In honor of Month of the Military Child, we spoke with Jacob’s mom, Holly. Jacob has complex medical conditions, and getting him the care he needs can sometimes be difficult for this military family.
As I shared with the Speak Now for Kids community last year, my youngest child, Jacob, began having ‘infantile spasms’, a rare seizure condition, that presented as full-body ‘jack knife’ motions five years ago. Our journey into the world of complex medical care began that day, and it has never been an easy one. Jacob has severe brain damage, cannot walk without assistance, uses a wheelchair, has complex communication needs—and the list goes on.
Last year, I talked about how we got a diagnosis for Jacob, described some of the unique problems that can face military families like ours, and gave some tips I hoped were helpful for other families out there. This year, as I sit down to write, I want to illustrate one of these unique issues in more detail. It’s a topic we’ve been spending a lot of time on lately—securing the equipment Jacob needs just to live comfortably and safely in our home.
Speak Now for Kids is celebrating Medicaid Matters for Kids Mondays with posts highlighting the importance of Medicaid in children’s access to health care. This week, we spoke with Vika’s mom, Ashlee.
Vika was born with TAR Syndrome and faces challenges every day enduring life with a chronic condition. We adopted Vika from the Republic of Georgia almost a year ago and we’re excited for the care that she can receive in the United States; she’s currently under great care at Penn State Hershey Children’s Hospital. She relies on multiple specialists, including hematologists, orthodontists and endocrinologists.
I was nervous to apply for Medicaid after we adopted Vika. I felt like I was cheating the system because we agreed that we could afford Vika’s care when we signed her adoption paperwork. Fortunately, I had a job that had medical insurance benefits, but they did not cover all her expenses. Medicaid has been very beneficial to Vika. Even with private insurance, her care wasn’t completely covered—we have paid thousands of dollars. For instance, children with TAR syndrome can have congenital heart problems so it was recommended that she have a “simple” echocardiogram to check. After primary insurance, we still owed over $1,000 just for this one test.
We’re especially grateful for the brilliant and selfless doctors working every day at the children’s hospitals across the nation. In recognition of Doctor’s Day, our Speak Now for Kids families shared their thank-you messages to their talented doctors.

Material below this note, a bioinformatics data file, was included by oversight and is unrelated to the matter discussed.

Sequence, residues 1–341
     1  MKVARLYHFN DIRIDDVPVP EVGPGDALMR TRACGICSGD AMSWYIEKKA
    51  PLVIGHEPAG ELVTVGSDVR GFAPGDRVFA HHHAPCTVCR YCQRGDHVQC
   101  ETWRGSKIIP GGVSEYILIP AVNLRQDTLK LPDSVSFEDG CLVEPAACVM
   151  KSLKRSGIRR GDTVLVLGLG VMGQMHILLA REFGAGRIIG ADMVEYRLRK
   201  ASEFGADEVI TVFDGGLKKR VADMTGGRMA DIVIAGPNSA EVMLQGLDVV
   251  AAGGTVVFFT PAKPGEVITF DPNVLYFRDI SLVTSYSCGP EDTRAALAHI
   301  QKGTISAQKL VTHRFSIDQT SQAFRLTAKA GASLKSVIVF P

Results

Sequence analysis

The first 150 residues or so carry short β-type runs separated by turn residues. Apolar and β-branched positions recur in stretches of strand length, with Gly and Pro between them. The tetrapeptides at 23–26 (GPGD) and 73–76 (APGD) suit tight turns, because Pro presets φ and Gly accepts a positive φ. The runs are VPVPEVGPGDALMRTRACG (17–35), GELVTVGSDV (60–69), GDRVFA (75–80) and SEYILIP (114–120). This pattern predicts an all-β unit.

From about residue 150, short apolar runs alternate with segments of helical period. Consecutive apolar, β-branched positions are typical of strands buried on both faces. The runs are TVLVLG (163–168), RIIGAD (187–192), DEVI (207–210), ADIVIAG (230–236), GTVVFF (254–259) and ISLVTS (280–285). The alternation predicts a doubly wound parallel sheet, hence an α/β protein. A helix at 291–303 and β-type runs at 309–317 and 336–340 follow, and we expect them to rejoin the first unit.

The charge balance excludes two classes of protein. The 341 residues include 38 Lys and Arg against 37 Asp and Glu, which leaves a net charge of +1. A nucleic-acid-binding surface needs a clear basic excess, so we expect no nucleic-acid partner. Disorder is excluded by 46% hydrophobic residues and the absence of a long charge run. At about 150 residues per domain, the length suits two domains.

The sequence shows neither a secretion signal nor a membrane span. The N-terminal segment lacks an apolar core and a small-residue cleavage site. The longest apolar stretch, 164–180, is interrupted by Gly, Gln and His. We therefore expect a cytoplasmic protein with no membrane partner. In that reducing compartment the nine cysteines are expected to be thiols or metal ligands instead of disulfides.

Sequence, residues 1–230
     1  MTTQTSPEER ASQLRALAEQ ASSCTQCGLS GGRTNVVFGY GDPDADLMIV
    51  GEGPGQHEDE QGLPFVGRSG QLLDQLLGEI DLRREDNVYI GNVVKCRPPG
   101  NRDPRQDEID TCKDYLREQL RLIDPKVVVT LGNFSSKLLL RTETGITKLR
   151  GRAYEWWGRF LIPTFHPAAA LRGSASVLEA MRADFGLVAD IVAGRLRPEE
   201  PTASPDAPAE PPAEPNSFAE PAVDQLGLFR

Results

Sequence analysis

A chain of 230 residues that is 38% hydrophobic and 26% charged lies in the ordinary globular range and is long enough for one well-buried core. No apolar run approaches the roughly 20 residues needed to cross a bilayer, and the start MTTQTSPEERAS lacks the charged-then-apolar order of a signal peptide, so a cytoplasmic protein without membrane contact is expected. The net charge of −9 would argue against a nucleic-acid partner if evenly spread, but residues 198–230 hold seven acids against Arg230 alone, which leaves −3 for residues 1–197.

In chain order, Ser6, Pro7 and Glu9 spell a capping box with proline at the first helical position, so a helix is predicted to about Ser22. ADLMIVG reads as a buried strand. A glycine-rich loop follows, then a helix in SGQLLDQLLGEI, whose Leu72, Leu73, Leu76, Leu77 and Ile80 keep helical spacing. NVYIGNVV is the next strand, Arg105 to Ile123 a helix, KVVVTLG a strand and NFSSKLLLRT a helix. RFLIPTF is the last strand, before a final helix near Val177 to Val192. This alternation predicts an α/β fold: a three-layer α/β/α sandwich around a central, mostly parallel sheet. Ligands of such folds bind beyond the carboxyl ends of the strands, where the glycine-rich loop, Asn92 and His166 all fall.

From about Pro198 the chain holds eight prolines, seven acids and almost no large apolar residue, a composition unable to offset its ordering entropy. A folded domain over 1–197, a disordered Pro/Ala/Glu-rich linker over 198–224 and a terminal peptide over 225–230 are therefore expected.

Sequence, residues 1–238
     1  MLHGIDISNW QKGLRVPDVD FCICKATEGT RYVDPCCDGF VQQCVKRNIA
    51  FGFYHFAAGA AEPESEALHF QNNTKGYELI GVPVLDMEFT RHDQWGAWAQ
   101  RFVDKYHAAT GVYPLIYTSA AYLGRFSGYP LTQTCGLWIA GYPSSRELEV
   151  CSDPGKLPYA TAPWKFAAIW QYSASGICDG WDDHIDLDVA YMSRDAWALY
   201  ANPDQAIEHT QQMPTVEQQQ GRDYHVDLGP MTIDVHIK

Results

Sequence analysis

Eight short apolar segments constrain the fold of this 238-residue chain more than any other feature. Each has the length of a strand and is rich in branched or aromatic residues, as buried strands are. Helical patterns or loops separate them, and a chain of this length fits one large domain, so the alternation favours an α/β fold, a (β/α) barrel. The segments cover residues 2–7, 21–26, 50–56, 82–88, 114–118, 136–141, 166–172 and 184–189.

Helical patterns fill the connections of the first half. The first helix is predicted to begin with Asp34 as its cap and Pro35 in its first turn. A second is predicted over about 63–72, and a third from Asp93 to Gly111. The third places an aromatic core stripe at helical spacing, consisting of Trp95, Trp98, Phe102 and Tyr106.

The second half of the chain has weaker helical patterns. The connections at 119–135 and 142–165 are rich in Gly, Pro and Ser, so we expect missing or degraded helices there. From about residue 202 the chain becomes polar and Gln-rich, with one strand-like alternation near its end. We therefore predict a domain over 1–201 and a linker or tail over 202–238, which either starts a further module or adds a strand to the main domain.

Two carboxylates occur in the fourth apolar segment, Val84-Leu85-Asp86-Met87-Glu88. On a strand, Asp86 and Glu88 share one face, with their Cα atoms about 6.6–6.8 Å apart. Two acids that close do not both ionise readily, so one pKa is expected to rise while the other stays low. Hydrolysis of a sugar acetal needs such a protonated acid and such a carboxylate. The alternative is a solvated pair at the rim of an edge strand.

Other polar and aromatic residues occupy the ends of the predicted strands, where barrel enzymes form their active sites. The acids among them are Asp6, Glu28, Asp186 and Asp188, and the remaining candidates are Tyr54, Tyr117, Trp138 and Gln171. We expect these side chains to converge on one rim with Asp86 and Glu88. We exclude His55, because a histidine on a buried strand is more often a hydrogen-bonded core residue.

Speak Now for Kids honors child life professionals who are dedicated to helping children with difficult health circumstances. The following testimonial is courtesy of the Association of Child Life Professionals (ACLP).
Laura Mitchell, BS, CCLS, is a child life specialist at Nemours A.I. duPont Hospital for Children in Wilmington, Delaware. Laura works with a multidisciplinary health care team to facilitate procedures requiring sedation and increase coping and patient and family satisfaction. She also aims to decrease stress, anxiety, pain and other negative feelings or effects related to the hospital experience.
Laura believes that facilitating coping skills should be an integral part of all procedures, not just those requiring sedation. She and her team incorporate a structured, individualized approach to sedation and use both pharmacological and non-pharmacological methods to ensure that procedures are completed safely with minimal pain and anxiety. Some patients may only require pre-procedural preparation before induction while others may benefit from education, play and procedural support.
We learned our son, Elijah, was diagnosed with Trisomy 18 (T18) prenatally. Our doctor explained "what it all means," then handed several sheets of printed paperwork on T18. Every doctor said the same thing, "there's very little, if any, life expectancy for T18 babies." They even discouraged us from learning about the condition ourselves. And with no knowledge of T18, we went to Google and the search results were horrific. We felt hopeless, frustrated and angry.
Elijah was born on March 28, 2017 with full T18, a genetic condition where he has an extra chromosome in every cell of the body. We were told to enjoy our limited time with Elijah as he would probably die soon. We did not receive routine newborn care; instead, we met the bereavement team, palliative doctors and hospice staff. There are many challenges to care for Elijah, mainly because questions regarding his care have limited answers. We still experience challenges caring for Elijah now, but we are not afraid to seek answers. We're not afraid to find a physician who knows. We're not afraid to walk away from a physician who doesn't know.